1. They both looked at each other.
They looked at each other
2. I’ve never seen that glove before in my life.
I’ve never seen that glove. (Alternatively: I haven’t seen that glove before).
3. She was pretty angry
She was angry.
4. The carnival was actually very fun.
The carnival was fun!
5. The cat slowly stalked the mouse.
The cat stalked the mouse.
So, those are a few random examples for you. If you’ve never seen something, you probably don’t have to add “before” or “in my life” because the fact that you’ve “never” seen it, well, “never” means “not a single time, ever”, so anything after “never” becomes excessive.
#3 and #4 contain qualifiers. I hate qualifies. Take the qualifiers out of your sentences. How do they read? Has the meaning changed? If not, take them out and leave them out. I do understand that in some MG or even YA novels, the MC’s voice requires that they use qualifiers occasionally. That’s not what I’m talking about. There are always exceptions to every rule.
#5 contains an adverb. As a general rule, I advise most authors to just not use adverbs. If the cat is “stalking” the mouse, “stalking” means that his actions are slow and deliberate, so the adverb doesn’t modify the verb in this instance. Cut it. Now, let’s try this:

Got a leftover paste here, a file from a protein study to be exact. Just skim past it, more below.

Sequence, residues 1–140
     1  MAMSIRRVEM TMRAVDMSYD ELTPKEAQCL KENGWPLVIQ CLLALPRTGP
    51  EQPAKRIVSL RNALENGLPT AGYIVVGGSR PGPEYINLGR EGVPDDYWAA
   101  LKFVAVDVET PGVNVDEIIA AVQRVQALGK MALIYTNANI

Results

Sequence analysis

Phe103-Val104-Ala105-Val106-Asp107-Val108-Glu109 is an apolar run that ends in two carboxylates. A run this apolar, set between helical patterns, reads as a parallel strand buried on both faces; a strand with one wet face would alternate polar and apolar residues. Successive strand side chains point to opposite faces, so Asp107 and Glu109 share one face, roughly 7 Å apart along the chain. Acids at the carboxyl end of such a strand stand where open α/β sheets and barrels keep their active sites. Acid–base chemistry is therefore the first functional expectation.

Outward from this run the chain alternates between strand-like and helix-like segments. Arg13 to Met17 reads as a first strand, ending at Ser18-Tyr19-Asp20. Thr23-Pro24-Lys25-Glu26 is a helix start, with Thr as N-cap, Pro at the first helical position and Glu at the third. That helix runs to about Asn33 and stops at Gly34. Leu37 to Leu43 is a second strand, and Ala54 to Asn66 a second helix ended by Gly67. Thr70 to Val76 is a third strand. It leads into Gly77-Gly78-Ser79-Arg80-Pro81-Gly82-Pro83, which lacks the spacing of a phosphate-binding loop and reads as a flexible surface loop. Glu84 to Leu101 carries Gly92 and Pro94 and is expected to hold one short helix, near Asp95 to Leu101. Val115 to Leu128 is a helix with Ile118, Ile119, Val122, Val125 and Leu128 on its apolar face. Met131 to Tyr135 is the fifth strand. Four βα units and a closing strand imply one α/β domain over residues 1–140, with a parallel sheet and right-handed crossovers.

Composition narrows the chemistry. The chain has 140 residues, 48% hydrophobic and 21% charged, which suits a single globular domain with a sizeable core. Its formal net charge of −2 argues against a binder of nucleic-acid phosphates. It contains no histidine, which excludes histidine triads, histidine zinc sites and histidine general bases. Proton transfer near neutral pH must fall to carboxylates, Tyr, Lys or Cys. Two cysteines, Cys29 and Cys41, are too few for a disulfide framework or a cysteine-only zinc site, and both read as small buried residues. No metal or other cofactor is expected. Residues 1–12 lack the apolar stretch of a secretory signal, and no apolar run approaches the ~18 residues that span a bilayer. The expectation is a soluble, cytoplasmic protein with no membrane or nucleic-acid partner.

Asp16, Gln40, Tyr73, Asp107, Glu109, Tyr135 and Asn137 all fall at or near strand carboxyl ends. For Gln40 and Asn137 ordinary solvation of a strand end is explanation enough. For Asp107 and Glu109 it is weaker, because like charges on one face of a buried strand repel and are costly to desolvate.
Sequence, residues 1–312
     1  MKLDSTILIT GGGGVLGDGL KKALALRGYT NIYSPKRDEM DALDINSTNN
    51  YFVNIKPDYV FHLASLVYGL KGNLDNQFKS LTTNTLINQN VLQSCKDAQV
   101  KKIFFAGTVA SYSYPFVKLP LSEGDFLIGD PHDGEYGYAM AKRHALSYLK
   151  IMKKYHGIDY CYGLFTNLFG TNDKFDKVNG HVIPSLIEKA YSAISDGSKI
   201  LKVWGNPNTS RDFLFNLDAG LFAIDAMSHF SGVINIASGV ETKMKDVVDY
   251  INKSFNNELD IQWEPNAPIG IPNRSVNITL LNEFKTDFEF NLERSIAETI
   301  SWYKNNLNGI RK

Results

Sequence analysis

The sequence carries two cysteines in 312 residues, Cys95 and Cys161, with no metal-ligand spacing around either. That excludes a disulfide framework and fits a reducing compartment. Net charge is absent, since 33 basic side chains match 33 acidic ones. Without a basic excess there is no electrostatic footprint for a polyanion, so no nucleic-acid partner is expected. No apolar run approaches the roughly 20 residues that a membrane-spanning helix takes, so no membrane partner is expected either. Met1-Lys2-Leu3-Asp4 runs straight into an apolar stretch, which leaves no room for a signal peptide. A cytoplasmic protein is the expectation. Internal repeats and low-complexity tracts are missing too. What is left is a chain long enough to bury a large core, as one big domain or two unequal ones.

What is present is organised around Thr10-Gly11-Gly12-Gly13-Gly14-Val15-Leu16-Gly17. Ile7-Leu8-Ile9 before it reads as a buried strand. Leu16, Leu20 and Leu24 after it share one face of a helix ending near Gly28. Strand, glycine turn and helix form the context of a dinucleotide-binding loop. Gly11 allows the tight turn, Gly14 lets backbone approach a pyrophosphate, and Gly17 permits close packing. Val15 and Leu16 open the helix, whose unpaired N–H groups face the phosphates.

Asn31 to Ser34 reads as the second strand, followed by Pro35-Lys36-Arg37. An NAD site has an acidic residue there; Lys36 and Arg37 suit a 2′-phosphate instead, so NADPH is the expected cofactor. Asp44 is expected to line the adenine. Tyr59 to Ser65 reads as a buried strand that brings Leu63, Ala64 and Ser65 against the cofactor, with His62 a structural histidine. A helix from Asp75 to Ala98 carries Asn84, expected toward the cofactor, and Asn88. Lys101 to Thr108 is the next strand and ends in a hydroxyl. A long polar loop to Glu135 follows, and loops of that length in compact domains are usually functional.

The cat warily stalked the rattlesnake.
That usage of adverbs is A-OK in my book because ‘warily’ modifies “stalked”. The reader should probably know that the cat wasn’t fearless and was being cautious due the fact that, well, it’s trying to get one-up on a fucking rattlesnake. It sure makes me feel better to know the cat’s wary of the damn thing.
So, what this post boils down to is: there are so many ways for you to conserve words. I’ve also read the advice: “Never use five words where two will suffice”, which is fantastic. I love that advice and I give it each of my clients. If you keep some of these in mind while you’re writing your manuscript, I promise it will read smoother than it would had you littered your book with them.
That’s all I’ve got for now, but I’m sure I’ll be back with a second post on this topic. I have a tendency to enjoy my complaints. Whoops! I meant: I love to complain.